Federal Reserve set to end year with interest rate hike

Markets watch for any indication of change to gradual rate increases

  US Federal Reserve in Washington: chairwoman Janet Yellen has stressed to Congress that she does not want to jump the gun and make premature assumptions about the post-election shape of economic policy

US Federal Reserve in Washington: chairwoman Janet Yellen has stressed to Congress that she does not want to jump the gun and make premature assumptions about the post-election shape of economic policy

 

The Federal Reserve on Wednesday will hold its final rate-setting meeting before US presidential-elect Donald Trump takes office. A quarter-point increase in the federal funds rate target range to 0.5 per cent-0.75 per cent has already been priced in by the markets, so the focus will be firmly on what happens to policy in 2017 and beyond.

The key question will be whether the Republicans will add fiscal fuel to an economy that is already near full employment, forcing the Fed to step up its ultra-sluggish pace of tightening. The message from the Fed on Wednesday is likely to be that it is too soon to know for sure.

What will the Fed say?

Markets saw more than a 95 per cent chance of a quarter-point rate increase going into the meeting, according to analysis of futures pricing from CME Group, so anything other than an upward move would be a big shock. Accordingly the markets’ initial focus will be on the Fed’s post-meeting statement, and accompanying forecasts.

The statement is likely to acknowledge the further decline in the unemployment rate to 4.6 per cent as well as the robust 3.2 per cent annual pace of gross domestic product growth seen in the third quarter. One measure of officials’ confidence is whether the Federal Open Market Committee changes its assessment of the risks to the outlook. The November statement found near-term risks were “roughly balanced”; if policymakers are becoming more confident they could extend that outlook beyond the short term, mirroring language in December 2015 when the Fed last lifted rates.

What about the forecasts?

This is critical. The so-called dot plot of policymakers’ interest rate forecasts in September plugged-in two increases for 2017 and three in 2018 and 2019. If there is an upward shift in the median dots in any of those years on Wednesday it could send a shiver through markets.

For most policymakers the outlook may well not have changed sufficiently from September for them to lift their growth, inflation and interest rate forecasts. But some might want to seize on the prospects for more expansionary fiscal policy in the next Congress and boost their rate forecasts – even though no one knows what kind of tax package will emerge from Capitol Hill in 2017.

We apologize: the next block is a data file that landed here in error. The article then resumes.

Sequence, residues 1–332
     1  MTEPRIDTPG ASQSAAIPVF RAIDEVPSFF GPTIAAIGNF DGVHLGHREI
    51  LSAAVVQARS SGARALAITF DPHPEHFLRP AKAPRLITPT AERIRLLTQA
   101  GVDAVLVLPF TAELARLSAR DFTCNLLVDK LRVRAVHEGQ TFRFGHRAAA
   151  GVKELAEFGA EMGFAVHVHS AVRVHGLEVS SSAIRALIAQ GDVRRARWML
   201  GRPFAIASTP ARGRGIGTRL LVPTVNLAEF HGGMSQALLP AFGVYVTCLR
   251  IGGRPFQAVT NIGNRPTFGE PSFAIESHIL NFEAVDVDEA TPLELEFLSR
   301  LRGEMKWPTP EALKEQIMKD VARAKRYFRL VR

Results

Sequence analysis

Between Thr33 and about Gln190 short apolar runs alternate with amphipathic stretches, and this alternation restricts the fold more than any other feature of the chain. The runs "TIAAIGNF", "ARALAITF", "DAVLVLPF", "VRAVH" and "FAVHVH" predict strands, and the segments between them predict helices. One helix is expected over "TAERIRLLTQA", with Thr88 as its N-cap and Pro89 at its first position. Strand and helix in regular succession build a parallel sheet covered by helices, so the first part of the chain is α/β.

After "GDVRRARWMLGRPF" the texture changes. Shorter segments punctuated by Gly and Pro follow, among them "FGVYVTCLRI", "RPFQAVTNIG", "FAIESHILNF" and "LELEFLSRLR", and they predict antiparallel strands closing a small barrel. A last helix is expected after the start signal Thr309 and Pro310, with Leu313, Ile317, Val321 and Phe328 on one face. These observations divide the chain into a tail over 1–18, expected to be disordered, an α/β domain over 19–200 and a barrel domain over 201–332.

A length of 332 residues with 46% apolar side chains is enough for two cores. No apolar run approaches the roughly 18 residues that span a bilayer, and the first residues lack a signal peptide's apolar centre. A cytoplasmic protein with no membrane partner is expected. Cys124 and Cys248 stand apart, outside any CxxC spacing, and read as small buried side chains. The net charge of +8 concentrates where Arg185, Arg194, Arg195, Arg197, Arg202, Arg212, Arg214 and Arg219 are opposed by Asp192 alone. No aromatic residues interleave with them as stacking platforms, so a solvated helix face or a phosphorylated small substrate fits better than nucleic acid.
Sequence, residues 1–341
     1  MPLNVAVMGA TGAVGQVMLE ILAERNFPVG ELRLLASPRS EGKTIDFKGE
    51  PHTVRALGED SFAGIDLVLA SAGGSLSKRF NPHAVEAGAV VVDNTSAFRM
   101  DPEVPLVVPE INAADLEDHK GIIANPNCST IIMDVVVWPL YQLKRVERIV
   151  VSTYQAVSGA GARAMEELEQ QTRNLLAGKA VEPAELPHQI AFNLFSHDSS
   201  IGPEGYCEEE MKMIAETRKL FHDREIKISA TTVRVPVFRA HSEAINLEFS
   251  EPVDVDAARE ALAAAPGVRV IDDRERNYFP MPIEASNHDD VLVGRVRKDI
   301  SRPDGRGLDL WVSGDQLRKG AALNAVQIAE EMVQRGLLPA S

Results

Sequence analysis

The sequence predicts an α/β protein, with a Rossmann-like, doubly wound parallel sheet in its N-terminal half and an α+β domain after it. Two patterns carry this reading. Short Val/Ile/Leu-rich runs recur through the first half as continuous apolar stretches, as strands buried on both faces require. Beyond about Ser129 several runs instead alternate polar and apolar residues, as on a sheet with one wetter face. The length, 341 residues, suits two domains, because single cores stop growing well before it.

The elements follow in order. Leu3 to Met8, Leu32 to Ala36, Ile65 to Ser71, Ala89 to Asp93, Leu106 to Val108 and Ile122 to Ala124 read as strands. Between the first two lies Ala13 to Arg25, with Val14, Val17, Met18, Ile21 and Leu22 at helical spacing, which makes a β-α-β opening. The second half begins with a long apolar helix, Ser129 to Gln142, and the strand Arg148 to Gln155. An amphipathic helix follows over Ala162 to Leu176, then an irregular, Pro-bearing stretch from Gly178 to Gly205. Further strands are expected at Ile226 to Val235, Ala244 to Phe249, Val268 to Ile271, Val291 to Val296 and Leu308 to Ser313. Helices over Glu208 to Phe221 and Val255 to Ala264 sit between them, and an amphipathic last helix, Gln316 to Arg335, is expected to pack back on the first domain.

Mr Trump has mooted a set of tax cuts that would send the US national debt rocketing. Republican politicians are vowing to be more conservative, but they could also end up signing their names to a deficit-increasing package of tax reforms, which could add momentum to the recovery at a time of full employment.

What will Yellen’s message be?

Fed chairwoman Janet Yellen has stressed to Congress that she does not want to jump the gun and make premature assumptions about the post-election shape of economic policy. Accordingly, her message may be characteristically cautious, re-emphasising the Fed’s determination to keep the pace of rate increases gradual.

But assuming the Fed lifts rates on Wednesday, the markets’ focus will be on trying to extrapolate whether the next rate increase comes as soon as the first quarter of 2017 and whether bigger budget deficits could herald a quicker tightening than the glacial, once-a-year pace now. The tone Ms Yellen strikes in the press conference starting at 2:30pm, half an hour after the Fed decision emerges, will be key.

This has been the slowest rate-lifting cycle for the Fed in modern times. Having initially forecast around four rate increases in 2016, the Fed is likely to push through only one. If there is a significant turnround in fiscal policy next year, however, the central bank will have to be quicker on its feet.

– (Copyright The Financial Times 2016)